5 questions with Real Salt Lake general manager Garth Lagerwey

Published: Saturday, Feb. 19 2011 7:00 p.m. MST

Real Salt Lake general manager Garth Lagerwey locked up several key players to long-term contracts in the offseason. (Laura Seitz, Deseret News) Real Salt Lake general manager Garth Lagerwey locked up several key players to long-term contracts in the offseason. (Laura Seitz, Deseret News)

The offseason is officially over for Real Salt Lake, which kicks of the 2011 campaign this Tuesday with a huge match against Columbus in the CONCACAF Champions League quarterfinals. Winning the Champions League is the No. 1 priority for the club this season, and there's no time for another slow start like in years past. It's been a busy offseason for Real Salt Lake general manager, and he recently caught up with James Edward to talk about the Champions League and the club's offseason activity.

Question: Playing soccer in February doesnít really sound like fun if youíre in Columbus, Ohio. Are you concerned about how the weather conditions could effect your team.

Answer: I think itís going to be pretty miserable in Columbus, but no one said winning a championship is going to be easy. Weíve had plenty of occasions, both in Columbus and other places where weíve gutted out wins and weíve fought when we needed to fight. Particularly the first leg is going to be a game where it might not be the prettiest soccer, but weíve got to get a result, and there are no excuses.

Question:Could this offseason have gone any better from a management standpoint after locking up multiple key players to multi-year contracts?

Answer: Iíd love to jump up and down and pat myself on the back, but the reality is we have to see how these things work out. We made what we think our intelligent decisions based on guys that have performed, but as everyone knows those guys need to continue to perform and perform consistently in order for those decisions to be born out as good ones. If everyone gets complacent, then that will have had the unintended consequence of taking our edge off and could be potentially negative. Now itís up to the players to prove us right because theyíve got to earn those contracts.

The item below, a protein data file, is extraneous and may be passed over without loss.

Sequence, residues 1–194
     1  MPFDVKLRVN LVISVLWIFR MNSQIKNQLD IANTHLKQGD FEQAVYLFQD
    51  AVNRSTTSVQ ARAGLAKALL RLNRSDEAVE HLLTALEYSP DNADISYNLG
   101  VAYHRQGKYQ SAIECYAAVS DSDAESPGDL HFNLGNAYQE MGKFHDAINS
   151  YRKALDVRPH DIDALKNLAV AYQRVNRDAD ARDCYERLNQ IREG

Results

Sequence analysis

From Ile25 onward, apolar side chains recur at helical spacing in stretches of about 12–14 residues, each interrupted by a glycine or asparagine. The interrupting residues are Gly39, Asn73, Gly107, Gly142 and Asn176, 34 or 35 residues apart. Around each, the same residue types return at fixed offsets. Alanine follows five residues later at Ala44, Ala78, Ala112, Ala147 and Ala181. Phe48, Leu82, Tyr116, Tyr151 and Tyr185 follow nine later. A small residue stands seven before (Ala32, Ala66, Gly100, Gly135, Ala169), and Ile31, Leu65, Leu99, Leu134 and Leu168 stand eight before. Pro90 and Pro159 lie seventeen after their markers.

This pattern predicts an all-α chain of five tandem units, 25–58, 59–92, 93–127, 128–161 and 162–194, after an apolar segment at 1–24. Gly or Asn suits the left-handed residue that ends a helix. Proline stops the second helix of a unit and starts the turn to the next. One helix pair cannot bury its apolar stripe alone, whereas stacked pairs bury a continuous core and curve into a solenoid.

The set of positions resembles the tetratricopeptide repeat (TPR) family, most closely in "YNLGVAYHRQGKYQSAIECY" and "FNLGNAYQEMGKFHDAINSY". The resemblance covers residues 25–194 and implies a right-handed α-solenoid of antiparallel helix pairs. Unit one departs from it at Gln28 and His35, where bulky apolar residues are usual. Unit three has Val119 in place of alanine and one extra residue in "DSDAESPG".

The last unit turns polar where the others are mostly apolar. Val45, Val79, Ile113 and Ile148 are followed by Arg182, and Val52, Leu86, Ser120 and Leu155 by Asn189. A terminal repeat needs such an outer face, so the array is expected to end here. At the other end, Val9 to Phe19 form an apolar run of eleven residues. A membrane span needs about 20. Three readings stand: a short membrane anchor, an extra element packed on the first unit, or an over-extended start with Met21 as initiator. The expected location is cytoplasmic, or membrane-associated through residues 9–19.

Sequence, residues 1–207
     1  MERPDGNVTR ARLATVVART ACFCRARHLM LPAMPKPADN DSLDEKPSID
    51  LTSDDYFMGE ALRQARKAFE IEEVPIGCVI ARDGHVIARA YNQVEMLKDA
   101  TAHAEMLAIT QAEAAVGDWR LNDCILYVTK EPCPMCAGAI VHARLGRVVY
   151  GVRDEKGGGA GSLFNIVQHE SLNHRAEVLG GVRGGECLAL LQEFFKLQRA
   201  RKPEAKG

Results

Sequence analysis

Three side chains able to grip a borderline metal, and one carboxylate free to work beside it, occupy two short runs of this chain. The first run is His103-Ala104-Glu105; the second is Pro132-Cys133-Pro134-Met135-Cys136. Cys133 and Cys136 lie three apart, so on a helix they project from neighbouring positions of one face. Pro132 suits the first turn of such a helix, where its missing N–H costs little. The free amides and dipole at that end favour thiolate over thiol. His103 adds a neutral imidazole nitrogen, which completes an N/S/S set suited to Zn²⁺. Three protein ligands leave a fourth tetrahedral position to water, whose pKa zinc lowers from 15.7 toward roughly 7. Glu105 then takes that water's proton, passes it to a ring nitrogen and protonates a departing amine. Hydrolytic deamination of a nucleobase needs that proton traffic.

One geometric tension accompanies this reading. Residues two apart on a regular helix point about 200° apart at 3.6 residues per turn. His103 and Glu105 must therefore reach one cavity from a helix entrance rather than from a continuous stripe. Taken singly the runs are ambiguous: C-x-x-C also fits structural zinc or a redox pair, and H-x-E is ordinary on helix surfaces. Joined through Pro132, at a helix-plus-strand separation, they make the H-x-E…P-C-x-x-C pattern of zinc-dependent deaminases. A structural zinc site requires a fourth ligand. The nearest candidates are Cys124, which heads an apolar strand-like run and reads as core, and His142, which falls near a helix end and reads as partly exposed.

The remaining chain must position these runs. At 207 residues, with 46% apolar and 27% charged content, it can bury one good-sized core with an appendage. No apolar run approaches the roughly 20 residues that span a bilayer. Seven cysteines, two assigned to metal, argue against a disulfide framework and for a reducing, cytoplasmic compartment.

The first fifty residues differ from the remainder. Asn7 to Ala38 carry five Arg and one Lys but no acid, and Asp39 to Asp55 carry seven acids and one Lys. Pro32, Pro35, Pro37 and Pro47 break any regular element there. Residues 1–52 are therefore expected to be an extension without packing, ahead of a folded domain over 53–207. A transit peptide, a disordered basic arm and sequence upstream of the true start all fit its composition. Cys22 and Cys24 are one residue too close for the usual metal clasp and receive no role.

Question: How important was it to lock up Alvaro Saborio this offseason, and join the ranks of MLS teams with a designated player?

Answer:Itís always important to stress that the designated player thing has to do with the transfer fee and not with the playerís salary. Itís important that we stay consistent with our team-is-the-star philosophy, and Saboís not the highest paid player on a our team. Itís basically a salary cap mechanism where our owners agreed to pay a transfer fee out of their own pockets. ... Itís one that honestly I didnít think was possible a year ago, and itís a credit to our fans that weíve been able to raise our revenues as a business. Being able to sign Sabo specifically is a great thing, itís a great message to our fans that weíre able to tie up what I think is the best striker weíve ever had.

Question:The league has created mechanisms for MLS teams to sign home-grown players to contracts. Where are you in that process, and is it important for you to add those pieces to your team?

Answer:We are looking seriously at adding one or two home-grown players. I donít think a decision is imminent, and I donít think those are players that are going to help us this year or even next year, so I think itís a longer timeline. But weíre really, really happy with the progress of the academy (in Arizona). I think weíve made massive progress in less than a year down there in terms of moving to the full-time residency set-up. ... Any kid from Utah who wants to move down there and join the academy is able to do so. In fact, weíve taken two of our better Utah kids and placed them down there already. It is both available and desirable that Utah kids go down there and get in the best possible environment.

Question: What are your thoughts about the addition of expansion clubs Vancouver and Portland to MLS, and specifically the Western Conference this year?

Answer: Really positive, really healthy for the league. I think Canada specifically is a massive market for the league. When Montreal comes in next year youíll have three teams up there. I think soccer has a chance to be a real big presence in Canada. Specifically in that northwest corridor with Vancouver, Portland and Seattle, itís going to be absolutely awesome. I think itís going to be tough for us because I think Vancouver and Seattle are certainly going to act like big market teams. ... With both Portland and Vancouver coming into the Western Conference, and weíve already got six teams that made the playoffs last year, the West is much, much better than the East again this year and itís going to be really tough for us again. Hopefully weíre up for it.

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